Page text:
Columns / Discourse / April 20, 2011

The Neuroscience of: Pulling an all-nighter

Your parents told you. Your RA told you. Your grandmother even told you. Don’t wait till the last minute to study—it never works! But every term I find myself in Founders at 5 a.m. working on a paper or studying for a test I should have prepped for weeks ago. When we attempt to cram three chapters into our heads in one night, what happens to our nervous system? Here’s a run down of structures, chemicals and brain regions involved in pulling an all-nighter.

First on the list and the easiest to identify: sleep deprivation. Funny story: in 1963 a 17-year-old broke the world record for staying awake—11 days with no aid of drugs. By day two he was irritable, nauseated and had trouble remembering things. By day seven, his EEG no longer showed alpha rhythms, which indicated that his brain wasn’t really conscious even though he was awake. He turned more or less into a zombie. This is because diffuse modulatory systems control the rhythm of your brain waves and the cerebral cortex (everything not brainstem). They also affect the thalamus (center-ish region your brain), which is responsible for blocking the flow of sensory information up to the cortex during sleep. [If you remember one thing from my column I would hope it’s this: the thalamus is the overall gateway to the cortex. Without the thalamus you’re a vegetable.] All-nighters mess with the function of the thalamus.

During sleep the brain also operates on brain stem modulatory neurons. These neurons use norepinephrine (NE), acetylcholine (ACh) and serotonin (5-HT). Why, you ask? These enhance the awakening-state, like shooting out of bed realizing your alarm clock was set wrong, you’re almost late for class and experiencing that wave of panic during that realization. Or if someone has ever woken you up with a bucket of cold water? The water jolted your consciousness which flooded NE in your brain. Since the thalamus has been cutting off sensory info in your sleep to your cortex, your consciousness has no idea what’s going on. It thinks you’re being attacked.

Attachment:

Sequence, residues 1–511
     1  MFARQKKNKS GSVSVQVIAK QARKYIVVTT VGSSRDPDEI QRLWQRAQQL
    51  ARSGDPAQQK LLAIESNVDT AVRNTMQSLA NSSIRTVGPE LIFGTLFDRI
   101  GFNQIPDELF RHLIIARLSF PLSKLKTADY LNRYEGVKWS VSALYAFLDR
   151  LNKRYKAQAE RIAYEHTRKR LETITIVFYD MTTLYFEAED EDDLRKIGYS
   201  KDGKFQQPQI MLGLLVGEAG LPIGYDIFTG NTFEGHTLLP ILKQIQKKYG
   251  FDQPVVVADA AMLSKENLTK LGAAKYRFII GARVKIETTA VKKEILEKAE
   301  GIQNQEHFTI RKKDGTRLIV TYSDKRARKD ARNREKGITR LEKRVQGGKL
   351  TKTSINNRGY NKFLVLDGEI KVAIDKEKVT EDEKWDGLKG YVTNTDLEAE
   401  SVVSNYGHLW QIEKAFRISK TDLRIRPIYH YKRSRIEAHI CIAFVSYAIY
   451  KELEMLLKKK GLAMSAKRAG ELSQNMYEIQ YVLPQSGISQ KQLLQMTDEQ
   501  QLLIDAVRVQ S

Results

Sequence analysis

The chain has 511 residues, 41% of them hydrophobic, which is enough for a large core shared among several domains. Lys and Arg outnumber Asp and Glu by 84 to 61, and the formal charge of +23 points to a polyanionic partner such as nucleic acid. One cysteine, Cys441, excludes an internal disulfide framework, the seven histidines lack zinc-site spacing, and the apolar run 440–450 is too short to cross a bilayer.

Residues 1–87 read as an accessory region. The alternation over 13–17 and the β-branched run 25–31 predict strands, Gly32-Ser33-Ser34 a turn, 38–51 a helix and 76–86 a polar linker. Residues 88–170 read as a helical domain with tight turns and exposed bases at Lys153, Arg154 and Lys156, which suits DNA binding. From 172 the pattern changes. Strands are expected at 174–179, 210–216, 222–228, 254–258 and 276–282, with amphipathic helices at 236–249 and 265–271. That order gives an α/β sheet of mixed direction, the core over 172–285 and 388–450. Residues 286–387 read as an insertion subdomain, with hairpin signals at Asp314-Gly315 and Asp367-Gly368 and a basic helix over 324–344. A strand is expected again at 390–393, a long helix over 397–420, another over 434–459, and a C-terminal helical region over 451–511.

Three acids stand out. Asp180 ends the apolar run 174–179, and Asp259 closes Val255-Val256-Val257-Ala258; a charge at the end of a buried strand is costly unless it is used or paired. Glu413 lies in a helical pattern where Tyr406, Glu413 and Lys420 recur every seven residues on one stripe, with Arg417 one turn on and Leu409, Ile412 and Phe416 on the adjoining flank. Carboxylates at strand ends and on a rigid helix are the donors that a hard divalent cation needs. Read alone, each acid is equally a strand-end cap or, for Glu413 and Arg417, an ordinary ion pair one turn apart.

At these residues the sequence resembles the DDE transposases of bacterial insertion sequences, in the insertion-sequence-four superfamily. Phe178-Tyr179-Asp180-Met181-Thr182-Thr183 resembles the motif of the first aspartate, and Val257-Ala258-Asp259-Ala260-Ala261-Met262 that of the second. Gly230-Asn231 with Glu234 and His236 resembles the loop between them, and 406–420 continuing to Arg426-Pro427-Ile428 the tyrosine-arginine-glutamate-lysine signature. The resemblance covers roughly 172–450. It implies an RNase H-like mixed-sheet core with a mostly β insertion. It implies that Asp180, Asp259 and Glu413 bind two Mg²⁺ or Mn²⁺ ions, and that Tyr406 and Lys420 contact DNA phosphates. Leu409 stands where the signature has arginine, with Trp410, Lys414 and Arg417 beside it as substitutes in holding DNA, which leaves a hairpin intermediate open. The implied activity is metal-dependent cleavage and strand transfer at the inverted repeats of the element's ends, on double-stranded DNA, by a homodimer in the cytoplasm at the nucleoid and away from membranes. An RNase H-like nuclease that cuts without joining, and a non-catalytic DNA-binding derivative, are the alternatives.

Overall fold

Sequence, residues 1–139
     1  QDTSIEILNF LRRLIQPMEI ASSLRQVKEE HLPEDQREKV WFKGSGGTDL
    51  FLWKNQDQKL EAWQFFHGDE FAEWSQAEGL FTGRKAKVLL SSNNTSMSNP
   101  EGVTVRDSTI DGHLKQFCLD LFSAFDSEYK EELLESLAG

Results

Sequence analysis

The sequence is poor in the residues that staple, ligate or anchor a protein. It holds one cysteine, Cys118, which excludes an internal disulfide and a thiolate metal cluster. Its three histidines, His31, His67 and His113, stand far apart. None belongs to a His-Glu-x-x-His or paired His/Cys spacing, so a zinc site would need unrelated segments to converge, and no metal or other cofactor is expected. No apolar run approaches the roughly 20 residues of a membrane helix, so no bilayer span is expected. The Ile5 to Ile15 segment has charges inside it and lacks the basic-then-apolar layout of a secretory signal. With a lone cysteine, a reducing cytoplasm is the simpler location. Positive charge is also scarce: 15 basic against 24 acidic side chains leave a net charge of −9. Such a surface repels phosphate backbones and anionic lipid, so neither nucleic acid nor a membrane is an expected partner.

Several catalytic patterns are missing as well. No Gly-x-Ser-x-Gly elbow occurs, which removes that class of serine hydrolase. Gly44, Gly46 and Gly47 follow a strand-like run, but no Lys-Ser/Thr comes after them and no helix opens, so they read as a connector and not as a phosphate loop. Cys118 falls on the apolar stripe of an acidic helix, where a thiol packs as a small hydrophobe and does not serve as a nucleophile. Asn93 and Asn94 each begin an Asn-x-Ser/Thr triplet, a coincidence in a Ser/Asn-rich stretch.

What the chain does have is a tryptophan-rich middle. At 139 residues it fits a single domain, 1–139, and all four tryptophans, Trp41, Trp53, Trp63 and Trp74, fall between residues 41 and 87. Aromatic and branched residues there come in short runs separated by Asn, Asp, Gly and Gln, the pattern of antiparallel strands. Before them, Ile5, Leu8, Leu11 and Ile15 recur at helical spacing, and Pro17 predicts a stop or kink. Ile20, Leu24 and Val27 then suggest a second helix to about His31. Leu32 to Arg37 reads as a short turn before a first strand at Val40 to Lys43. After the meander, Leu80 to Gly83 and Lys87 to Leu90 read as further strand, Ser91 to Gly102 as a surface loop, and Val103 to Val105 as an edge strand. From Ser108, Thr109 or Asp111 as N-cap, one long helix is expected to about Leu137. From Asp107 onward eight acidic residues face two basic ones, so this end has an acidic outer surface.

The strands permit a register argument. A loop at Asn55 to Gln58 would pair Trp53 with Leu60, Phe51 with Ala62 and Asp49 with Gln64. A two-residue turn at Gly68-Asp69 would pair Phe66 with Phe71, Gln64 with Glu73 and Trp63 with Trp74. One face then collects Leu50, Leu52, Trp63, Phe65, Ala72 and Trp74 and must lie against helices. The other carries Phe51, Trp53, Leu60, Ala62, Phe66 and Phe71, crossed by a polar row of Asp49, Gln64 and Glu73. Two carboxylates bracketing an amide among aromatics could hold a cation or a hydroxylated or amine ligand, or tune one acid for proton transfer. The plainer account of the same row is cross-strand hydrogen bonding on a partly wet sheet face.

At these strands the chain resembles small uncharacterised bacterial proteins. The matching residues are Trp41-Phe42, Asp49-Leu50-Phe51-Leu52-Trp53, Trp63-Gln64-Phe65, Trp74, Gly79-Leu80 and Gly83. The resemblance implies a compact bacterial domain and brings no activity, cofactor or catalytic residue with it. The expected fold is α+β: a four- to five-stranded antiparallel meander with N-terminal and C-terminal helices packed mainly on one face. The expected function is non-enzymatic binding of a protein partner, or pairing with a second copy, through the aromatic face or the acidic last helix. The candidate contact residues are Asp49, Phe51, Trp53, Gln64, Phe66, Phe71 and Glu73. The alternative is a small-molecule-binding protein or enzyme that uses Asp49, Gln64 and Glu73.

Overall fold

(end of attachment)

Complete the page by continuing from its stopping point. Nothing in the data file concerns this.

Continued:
When you’re up all night cramming, you’re also overworking your hippocampus (dead center of your brain and the key player in memory). This causes your thalamus to release cortisol (a stress hormone) and is responsible for that irritability.

Tips to make that all-nighter more successful: sadly there are few. One study noted that overhead lighting helps stimulate neural productivity—that makes sense, right? Dim lighting plus being tired equals a greater chance of falling asleep face-first in that book. Coding is another strategy and typically what people try to do. They do this by making associations. I remember trying to make studying the process of the eating pathway match up with the theme song from “The Simpsons.”

Point blank: an all-nighter is a no-go for long-term storage. At best, memories like this last a few hours. Just enough for the test but not long enough that you actually learn anything. Fewer alpha waves, less neural connections and the result is less memory-recall ability.

Remember that your classes aren’t just about the grades; so don’t let that pressure you into harming your body with an all-nighter. But not preparing for a test isn’t exactly the best excuse for an extension. Take my advice and plan ahead. twenty minutes a day per subject is the best way to study. The brain is lazy and hasn’t evolved as fast as technology. It wasn’t meant to sit in front of a computer all-night and read. It was designed to live in the wild and be in constant social interaction with other humans.

Gabe Paz

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